The Power of Arbitral Tribunals to Raise Public Policy Rules Ex Officio: The Case of EU Competition Law

29 Pages Posted: 16 Jun 2016 Last revised: 13 Oct 2016

See all articles by Damien Geradin

Damien Geradin

Tilburg Law and Economics Center (TILEC); Geradin Partners; University of East Anglia (UEA) - Centre for Competition Policy; University College London - Faculty of Laws

Date Written: June 15, 2016

Abstract

Whether arbitral tribunals should be allowed to adjudicate disputes on the basis of legal grounds different from those submitted by the parties is a question that is subject to considerable debate in the international arbitration community. On the one hand, arbitration is a creature of contract and arbitral tribunals should be careful not to exceed the mandate that has been extended to them by the parties. On the other hand, there may be circumstances where the ignorance of certain legal regimes may be fatal to the validity and enforceability of the award, and where the tribunal may thus well be advised to raise the applicability of such regimes even if the parties failed to do so. In order to illustrate the type of circumstances in which arbitral tribunals may be well advised to raise legal grounds on an ex officio basis in order to ensure the validity and enforceability of the award, I refer to contractual disputes where the agreement under scrutiny, which one of the parties is seeking to enforce, may breach EU competition law, which according to the Eco-Swiss judgment of the CJEU belongs to public policy. This paper argues that whether arbitral tribunals should raise EU competition rules on their own motion largely depends on the circumstances of each case and arbitral tribunals should be guided by pragmatism rather than theoretical considerations.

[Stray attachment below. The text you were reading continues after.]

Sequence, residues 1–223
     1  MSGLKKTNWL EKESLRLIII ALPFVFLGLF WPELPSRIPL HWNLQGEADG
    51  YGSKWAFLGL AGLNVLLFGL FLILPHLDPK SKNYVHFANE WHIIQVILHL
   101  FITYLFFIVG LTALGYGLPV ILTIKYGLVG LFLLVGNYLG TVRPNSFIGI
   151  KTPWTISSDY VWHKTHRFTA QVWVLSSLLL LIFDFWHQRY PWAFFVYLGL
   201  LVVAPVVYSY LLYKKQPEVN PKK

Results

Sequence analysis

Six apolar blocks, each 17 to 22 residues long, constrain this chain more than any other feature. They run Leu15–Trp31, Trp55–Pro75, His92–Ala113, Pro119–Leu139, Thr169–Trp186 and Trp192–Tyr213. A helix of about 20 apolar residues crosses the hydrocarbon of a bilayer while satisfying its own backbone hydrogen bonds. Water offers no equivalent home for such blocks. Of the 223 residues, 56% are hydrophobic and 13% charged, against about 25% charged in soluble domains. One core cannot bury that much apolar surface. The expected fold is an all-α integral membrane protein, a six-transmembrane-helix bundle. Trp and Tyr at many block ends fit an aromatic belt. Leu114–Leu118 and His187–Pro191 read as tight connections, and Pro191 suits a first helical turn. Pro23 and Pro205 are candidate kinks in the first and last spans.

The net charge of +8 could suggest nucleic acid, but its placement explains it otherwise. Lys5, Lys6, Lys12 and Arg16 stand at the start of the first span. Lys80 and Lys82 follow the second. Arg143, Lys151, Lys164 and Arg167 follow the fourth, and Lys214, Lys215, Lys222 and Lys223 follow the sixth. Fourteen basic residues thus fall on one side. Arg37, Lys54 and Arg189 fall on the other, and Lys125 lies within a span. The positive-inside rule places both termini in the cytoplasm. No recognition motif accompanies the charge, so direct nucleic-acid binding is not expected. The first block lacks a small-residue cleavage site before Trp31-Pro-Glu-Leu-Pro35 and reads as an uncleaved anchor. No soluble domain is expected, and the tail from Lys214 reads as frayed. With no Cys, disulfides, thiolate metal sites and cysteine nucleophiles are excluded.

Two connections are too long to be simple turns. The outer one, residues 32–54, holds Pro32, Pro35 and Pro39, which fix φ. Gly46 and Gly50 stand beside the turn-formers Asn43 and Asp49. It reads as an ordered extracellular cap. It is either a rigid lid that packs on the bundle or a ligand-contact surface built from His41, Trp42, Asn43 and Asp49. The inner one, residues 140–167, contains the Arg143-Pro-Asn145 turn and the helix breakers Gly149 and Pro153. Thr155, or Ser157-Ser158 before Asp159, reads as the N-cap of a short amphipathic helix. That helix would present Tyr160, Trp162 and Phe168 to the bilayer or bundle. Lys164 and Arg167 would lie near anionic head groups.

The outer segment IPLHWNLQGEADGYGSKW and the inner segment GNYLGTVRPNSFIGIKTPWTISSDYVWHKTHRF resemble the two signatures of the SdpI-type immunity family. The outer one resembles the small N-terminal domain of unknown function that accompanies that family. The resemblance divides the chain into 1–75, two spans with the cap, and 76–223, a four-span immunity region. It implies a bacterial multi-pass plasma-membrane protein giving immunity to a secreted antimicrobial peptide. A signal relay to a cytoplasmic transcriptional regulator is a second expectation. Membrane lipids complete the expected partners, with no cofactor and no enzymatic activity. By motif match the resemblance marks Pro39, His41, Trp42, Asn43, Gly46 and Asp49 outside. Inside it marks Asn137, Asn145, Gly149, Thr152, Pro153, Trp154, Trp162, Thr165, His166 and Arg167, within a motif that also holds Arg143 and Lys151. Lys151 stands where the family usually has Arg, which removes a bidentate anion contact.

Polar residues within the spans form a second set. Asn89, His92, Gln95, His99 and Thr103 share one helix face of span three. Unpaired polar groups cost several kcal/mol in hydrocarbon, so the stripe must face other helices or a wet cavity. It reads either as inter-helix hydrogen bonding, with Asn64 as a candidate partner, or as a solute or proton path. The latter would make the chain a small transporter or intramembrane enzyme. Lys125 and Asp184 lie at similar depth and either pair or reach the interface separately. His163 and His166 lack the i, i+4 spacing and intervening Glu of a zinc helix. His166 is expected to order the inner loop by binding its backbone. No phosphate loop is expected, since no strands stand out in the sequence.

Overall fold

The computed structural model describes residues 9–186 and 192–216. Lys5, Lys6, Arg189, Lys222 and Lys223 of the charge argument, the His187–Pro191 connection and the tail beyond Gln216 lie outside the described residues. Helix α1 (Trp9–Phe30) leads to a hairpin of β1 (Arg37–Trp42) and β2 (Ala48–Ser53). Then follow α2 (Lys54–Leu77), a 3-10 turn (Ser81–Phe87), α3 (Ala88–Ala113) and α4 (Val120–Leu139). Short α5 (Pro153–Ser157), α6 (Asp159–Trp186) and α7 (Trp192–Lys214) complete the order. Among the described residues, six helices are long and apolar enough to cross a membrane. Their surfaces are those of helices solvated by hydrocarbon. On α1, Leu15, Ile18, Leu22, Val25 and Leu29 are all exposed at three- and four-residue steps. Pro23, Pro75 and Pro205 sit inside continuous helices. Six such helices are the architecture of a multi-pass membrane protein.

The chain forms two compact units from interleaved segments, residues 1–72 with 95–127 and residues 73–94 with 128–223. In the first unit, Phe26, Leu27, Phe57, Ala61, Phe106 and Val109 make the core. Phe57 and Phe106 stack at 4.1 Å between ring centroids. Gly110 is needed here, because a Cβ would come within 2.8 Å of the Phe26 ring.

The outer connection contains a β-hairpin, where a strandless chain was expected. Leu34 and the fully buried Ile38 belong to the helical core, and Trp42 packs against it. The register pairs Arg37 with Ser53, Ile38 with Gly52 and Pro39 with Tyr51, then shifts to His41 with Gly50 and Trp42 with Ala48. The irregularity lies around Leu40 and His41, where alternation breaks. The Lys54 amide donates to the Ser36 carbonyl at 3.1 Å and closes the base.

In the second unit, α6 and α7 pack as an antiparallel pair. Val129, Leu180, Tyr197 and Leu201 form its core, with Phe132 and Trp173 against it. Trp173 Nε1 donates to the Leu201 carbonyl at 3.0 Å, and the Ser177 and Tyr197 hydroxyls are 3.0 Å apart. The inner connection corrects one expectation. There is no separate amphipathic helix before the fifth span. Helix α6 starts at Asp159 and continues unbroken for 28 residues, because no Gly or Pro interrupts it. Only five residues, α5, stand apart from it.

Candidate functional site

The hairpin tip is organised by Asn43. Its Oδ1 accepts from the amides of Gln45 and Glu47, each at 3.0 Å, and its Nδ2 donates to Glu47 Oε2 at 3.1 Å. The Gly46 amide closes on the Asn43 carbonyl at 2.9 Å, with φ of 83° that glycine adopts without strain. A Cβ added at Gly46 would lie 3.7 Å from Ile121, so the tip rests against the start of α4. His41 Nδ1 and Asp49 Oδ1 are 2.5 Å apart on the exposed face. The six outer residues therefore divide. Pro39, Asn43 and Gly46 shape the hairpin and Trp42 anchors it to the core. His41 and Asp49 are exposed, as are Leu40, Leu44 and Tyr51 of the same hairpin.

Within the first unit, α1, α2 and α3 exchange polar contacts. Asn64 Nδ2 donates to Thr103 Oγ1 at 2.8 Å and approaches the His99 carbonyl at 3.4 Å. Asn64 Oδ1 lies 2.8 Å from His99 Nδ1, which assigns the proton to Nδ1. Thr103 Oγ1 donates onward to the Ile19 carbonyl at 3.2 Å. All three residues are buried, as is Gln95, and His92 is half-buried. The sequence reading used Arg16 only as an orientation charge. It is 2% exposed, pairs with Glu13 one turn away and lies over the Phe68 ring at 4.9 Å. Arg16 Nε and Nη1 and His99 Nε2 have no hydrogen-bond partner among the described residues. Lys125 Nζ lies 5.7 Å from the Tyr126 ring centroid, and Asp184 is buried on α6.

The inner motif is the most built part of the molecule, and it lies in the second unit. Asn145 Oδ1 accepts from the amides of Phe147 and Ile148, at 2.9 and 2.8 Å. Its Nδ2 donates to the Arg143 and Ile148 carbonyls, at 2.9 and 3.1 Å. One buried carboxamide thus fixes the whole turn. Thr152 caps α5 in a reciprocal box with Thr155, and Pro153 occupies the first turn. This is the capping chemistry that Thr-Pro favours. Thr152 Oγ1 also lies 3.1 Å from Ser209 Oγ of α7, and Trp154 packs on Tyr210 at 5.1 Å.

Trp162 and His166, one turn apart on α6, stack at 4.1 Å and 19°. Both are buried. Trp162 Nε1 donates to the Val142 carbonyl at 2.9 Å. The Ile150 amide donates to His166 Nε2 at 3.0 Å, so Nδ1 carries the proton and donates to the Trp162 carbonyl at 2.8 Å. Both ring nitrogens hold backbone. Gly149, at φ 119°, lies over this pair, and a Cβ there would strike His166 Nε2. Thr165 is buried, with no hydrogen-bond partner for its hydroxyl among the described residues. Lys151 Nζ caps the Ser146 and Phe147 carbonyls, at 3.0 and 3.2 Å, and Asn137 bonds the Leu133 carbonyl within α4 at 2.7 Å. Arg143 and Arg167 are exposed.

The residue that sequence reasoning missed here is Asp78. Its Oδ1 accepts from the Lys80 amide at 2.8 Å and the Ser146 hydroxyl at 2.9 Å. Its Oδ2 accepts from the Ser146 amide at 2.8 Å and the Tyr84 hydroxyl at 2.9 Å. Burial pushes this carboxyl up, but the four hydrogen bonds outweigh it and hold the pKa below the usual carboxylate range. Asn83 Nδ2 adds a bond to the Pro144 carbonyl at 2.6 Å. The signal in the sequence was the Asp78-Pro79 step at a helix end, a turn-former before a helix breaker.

Keywords: Arbitration, EU competition law, antitrust, public policy, NY Convention, standard of review, due process

JEL Classification: K12, K21, K41, L40

Suggested Citation

Geradin, Damien, The Power of Arbitral Tribunals to Raise Public Policy Rules Ex Officio: The Case of EU Competition Law (June 15, 2016). TILEC Discussion Paper No. 2016-027, Available at SSRN: https://ssrn.com/abstract=2796015 or http://dx.doi.org/10.2139/ssrn.2796015

Damien Geradin (Contact Author)

Tilburg Law and Economics Center (TILEC) ( email )

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Tilburg, 5000 LE
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Geradin Partners ( email )

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University of East Anglia (UEA) - Centre for Competition Policy ( email )

UEA
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Norwich, Norfolk NR47TJ
United Kingdom

University College London - Faculty of Laws ( email )

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London WC1E OEG, WC1E 6BT
United Kingdom

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